During the first decade of the 19th century the agents of Lord Thomas Elgin (British Ambassador to Constantinople 1799-1803) removed whole boatloads of ancient sculpture from Greece's capital city of Athens. The pride of this collection was a large amount of fifth-century BC sculpture taken from the Parthenon, the temple to the goddess Athena, which stood on the Acropolis hill in the centre of the city.
The Parthenon sculpture included about a half (some 75 metres) of the sculpted frieze that once ran all round the building, plus 17 life-sized marble figures from its gable ends (or pediments) and 15 of the 92 metopes, or sculpted panels, originally displayed high up above its columns.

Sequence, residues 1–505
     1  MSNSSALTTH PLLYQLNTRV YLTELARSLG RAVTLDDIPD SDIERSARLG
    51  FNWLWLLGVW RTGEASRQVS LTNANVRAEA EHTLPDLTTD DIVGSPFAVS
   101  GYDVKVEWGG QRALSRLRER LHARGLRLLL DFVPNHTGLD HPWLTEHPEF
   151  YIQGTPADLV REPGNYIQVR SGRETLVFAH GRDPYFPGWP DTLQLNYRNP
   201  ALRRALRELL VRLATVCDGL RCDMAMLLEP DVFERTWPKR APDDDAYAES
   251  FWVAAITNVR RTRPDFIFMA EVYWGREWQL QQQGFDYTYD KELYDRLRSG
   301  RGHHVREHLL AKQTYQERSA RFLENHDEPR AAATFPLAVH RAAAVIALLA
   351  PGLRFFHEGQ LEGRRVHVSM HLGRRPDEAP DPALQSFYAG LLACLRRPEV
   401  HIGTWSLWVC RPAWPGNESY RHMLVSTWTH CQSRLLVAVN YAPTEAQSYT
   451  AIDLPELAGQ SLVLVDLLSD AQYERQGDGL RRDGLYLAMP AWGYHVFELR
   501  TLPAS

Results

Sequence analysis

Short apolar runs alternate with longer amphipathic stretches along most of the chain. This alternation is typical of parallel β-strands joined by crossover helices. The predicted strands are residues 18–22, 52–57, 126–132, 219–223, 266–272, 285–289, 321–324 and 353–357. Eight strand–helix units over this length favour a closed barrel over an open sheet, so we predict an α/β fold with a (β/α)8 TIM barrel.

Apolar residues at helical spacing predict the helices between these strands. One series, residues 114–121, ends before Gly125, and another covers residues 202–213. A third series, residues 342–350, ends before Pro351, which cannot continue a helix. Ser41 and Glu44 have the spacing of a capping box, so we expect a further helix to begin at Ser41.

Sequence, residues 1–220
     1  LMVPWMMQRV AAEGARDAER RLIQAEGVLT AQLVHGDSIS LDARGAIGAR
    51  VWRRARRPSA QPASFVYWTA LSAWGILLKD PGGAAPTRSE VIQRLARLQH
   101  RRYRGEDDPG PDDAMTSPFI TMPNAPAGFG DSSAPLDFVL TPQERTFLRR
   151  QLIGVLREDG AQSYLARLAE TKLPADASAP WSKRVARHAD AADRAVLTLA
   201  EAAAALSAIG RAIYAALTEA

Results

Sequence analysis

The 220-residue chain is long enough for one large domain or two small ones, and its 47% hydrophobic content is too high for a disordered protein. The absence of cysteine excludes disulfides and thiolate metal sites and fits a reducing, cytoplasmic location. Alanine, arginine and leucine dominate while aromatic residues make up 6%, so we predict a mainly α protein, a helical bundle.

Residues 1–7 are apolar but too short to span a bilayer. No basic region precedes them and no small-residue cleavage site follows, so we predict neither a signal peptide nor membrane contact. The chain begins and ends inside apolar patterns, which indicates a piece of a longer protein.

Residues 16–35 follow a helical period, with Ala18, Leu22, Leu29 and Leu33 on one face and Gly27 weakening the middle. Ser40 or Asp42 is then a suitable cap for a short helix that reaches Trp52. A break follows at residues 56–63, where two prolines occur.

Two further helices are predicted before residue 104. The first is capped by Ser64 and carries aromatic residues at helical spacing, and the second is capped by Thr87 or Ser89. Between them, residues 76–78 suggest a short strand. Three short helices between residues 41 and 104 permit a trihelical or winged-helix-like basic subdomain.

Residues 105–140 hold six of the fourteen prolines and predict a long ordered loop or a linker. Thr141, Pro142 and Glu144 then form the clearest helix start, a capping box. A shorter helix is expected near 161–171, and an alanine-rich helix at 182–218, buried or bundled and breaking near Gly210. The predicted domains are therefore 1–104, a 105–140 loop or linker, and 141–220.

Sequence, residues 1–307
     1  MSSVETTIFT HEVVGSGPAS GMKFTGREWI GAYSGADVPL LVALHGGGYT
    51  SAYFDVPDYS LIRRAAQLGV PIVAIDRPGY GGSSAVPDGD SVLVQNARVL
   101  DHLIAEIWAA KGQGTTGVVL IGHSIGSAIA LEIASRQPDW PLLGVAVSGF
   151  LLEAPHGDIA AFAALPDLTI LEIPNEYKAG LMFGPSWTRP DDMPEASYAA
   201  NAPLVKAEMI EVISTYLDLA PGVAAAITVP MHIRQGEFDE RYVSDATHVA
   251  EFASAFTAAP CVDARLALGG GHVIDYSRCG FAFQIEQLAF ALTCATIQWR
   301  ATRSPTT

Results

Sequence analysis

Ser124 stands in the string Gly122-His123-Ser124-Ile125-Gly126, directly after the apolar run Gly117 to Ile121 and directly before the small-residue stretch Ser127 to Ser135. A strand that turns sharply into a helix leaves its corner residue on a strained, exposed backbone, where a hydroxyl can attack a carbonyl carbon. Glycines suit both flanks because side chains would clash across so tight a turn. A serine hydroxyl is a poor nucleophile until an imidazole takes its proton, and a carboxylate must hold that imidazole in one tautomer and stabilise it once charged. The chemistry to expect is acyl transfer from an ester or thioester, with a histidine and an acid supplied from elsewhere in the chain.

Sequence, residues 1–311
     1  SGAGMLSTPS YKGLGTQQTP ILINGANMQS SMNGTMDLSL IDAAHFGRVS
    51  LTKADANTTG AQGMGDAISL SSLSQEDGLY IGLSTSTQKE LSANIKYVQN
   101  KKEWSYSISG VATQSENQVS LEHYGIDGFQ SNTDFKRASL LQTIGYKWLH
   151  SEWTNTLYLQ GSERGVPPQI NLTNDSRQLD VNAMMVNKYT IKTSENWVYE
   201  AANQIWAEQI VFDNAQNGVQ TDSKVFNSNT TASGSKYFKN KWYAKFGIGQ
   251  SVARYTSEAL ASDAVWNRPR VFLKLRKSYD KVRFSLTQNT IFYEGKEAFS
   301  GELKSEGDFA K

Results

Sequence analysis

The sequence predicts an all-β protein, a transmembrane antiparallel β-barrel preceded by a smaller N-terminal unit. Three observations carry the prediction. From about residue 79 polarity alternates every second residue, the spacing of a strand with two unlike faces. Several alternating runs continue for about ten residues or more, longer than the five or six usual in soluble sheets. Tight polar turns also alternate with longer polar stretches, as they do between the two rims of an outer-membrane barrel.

These actions were controversial from the very beginning. Even before all the sculptures - soon known as the Elgin Marbles - went on display in London, Lord Byron attacked Elgin in stinging verses, lamenting (in 'Childe Harold's Pilgrimage') how the antiquities of Greece had been 'defac'd by British hands'.
Others enthusiastically welcomed the arrival of the sculpture in London. John Keats penned a sonnet to celebrate 'Seeing the Elgin Marbles' in the British Museum, and from Germany, JW Goethe hailed their acquisition as 'the beginning of a new age for Great Art'.
¿Quieres saber más sobre Historia Clásica y Antigua?
Puedes subscribirte al feed RSS de www.historiaclasica.com o bien seguirme por Twitter